- The other process occurs in the presence of water and breaks triglycerides (which are a common form of fatty acid in plants) into the fatty acids and glycerol that triglycerides are made from. In well-formulated, water-based hair products this probably won’t be an issue, but un-formulated oils (plant oils straight from the bottle) applied directly to wet hair might introduce this possibility if hair takes a long time to dry, or if you had mixed oil into a water-based product or in a water bottle with other ingredients. If you’ve noticed that oils work differently when applied to wet vs. dry hair, this might be one reason. It's more likely if you make your own products with oil like flax seed gel and notice the product’s performance changing after a while - this also might be what is happening. Store homemade gels in the freezer for good preservation. A product with a formula that does not adequately stabilize the oils may degrade or destabilize over time. That could cause odor change, color change, separation, change in product texture and performance.


Storage considerations:

If you use oils, store them in a dark, cool place or in opaque bottles. Keep air out by capping them quickly after opening, storing in a not-too-large jar. An airless pump bottle would be ideal for storing oils - especially the pricier ones - that you use regularly and want to keep at room temperature, or that go bad quickly. Keep moisture out of oils and butters too. Don’t put wet fingers into a bottle or jar of oil. Don’t store oils or butters in the shower. Less obvious (but still a problem) is condensation inside a bottle and this is more related to having your products exposed to temperature extremes, which it’s best to avoid. If you open an oil product or an oil-based product and there is moisture under the lid or cap - dry it off thoroughly before replacing the cap.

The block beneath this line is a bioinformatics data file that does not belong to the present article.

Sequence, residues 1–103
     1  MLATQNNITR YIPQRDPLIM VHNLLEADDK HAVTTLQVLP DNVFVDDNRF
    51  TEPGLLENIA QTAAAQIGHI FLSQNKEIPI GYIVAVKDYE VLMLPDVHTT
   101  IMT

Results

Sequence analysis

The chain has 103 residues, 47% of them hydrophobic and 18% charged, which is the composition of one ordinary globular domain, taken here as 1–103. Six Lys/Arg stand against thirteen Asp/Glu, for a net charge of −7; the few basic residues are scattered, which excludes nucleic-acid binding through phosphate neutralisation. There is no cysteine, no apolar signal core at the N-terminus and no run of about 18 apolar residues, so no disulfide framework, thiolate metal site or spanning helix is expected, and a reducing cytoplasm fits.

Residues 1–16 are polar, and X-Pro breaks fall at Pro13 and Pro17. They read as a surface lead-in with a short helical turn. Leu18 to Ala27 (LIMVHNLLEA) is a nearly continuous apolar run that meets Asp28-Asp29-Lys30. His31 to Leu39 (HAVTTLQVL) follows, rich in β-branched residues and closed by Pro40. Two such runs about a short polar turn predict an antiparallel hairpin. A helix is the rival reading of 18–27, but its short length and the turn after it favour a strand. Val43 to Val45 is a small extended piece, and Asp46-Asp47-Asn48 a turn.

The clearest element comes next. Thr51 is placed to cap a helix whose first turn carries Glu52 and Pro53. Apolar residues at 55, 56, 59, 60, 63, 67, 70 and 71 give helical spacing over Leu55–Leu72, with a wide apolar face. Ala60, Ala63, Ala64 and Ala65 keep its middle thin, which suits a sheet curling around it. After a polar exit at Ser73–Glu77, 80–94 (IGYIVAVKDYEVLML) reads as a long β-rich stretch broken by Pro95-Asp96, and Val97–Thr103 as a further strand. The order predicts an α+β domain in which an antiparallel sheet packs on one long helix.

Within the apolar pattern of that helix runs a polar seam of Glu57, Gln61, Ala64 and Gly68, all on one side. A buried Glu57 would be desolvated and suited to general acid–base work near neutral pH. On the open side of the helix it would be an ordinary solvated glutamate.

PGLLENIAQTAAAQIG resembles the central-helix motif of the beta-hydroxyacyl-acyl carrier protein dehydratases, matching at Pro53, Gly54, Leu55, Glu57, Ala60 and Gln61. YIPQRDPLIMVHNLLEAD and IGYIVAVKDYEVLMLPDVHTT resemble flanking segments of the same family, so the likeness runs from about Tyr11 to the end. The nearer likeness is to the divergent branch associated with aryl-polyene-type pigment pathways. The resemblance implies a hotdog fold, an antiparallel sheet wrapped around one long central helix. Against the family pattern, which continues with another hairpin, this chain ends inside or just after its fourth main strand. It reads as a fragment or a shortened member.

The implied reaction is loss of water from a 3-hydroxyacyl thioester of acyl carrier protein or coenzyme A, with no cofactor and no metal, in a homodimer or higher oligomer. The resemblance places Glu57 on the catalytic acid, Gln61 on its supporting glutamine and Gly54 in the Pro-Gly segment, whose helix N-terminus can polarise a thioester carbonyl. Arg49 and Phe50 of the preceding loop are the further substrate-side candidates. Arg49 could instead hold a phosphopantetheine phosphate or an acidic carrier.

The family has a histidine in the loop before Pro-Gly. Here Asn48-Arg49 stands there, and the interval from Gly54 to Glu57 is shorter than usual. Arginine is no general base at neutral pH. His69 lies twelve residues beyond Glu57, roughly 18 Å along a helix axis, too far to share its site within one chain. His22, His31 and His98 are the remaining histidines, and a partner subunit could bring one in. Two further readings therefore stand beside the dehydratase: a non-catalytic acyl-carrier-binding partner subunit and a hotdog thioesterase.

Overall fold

Oils less susceptible to breaking down in light, heat, and moisture: Jojoba, coconut, palm kernel, palm oil, morgina oil, sea buckthorn oil, peanut oil, butters (shea, cocoa, etc.). Squalane and Capric/Caprylic Triglycerides are cosmetic ingredients which also tend to be very shelf-stable and may have better stability. Butters like shea and cocoa and (sometimes) solid-at-room-temperature oils like coconut and babbasu are higher in saturated fats, which may resist breaking down, but they also do contain unsaturated fats, so they are not immune.